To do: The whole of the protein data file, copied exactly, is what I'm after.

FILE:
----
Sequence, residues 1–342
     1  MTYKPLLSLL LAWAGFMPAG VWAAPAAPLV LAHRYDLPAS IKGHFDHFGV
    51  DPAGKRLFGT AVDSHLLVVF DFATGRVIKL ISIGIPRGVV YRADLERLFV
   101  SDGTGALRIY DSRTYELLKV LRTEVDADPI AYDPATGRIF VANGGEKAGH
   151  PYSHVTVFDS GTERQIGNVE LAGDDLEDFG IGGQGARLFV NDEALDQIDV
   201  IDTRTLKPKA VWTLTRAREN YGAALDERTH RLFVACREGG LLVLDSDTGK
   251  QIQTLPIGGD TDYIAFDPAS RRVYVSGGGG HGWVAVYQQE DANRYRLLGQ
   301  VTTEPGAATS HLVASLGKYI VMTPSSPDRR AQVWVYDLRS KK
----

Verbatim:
Sequence, residues 1–342
     1  MTYKPLLSLL LAWAGFMPAG VWAAPAAPLV LAHRYDLPAS IKGHFDHFGV
    51  DPAGKRLFGT AVDSHLLVVF DFATGRVIKL ISIGIPRGVV YRADLERLFV
   101  SDGTGALRIY DSRTYELLKV LRTEVDADPI AYDPATGRIF VANGGEKAGH
   151  PYSHVTVFDS GTERQIGNVE LAGDDLEDFG IGGQGARLFV NDEALDQIDV
   201  IDTRTLKPKA VWTLTRAREN YGAALDERTH RLFVACREGG LLVLDSDTGK
   251  QIQTLPIGGD TDYIAFDPAS RRVYVSGGGG HGWVAVYQQE DANRYRLLGQ
   301  VTTEPGAATS HLVASLGKYI VMTPSSPDRR AQVWVYDLRS KK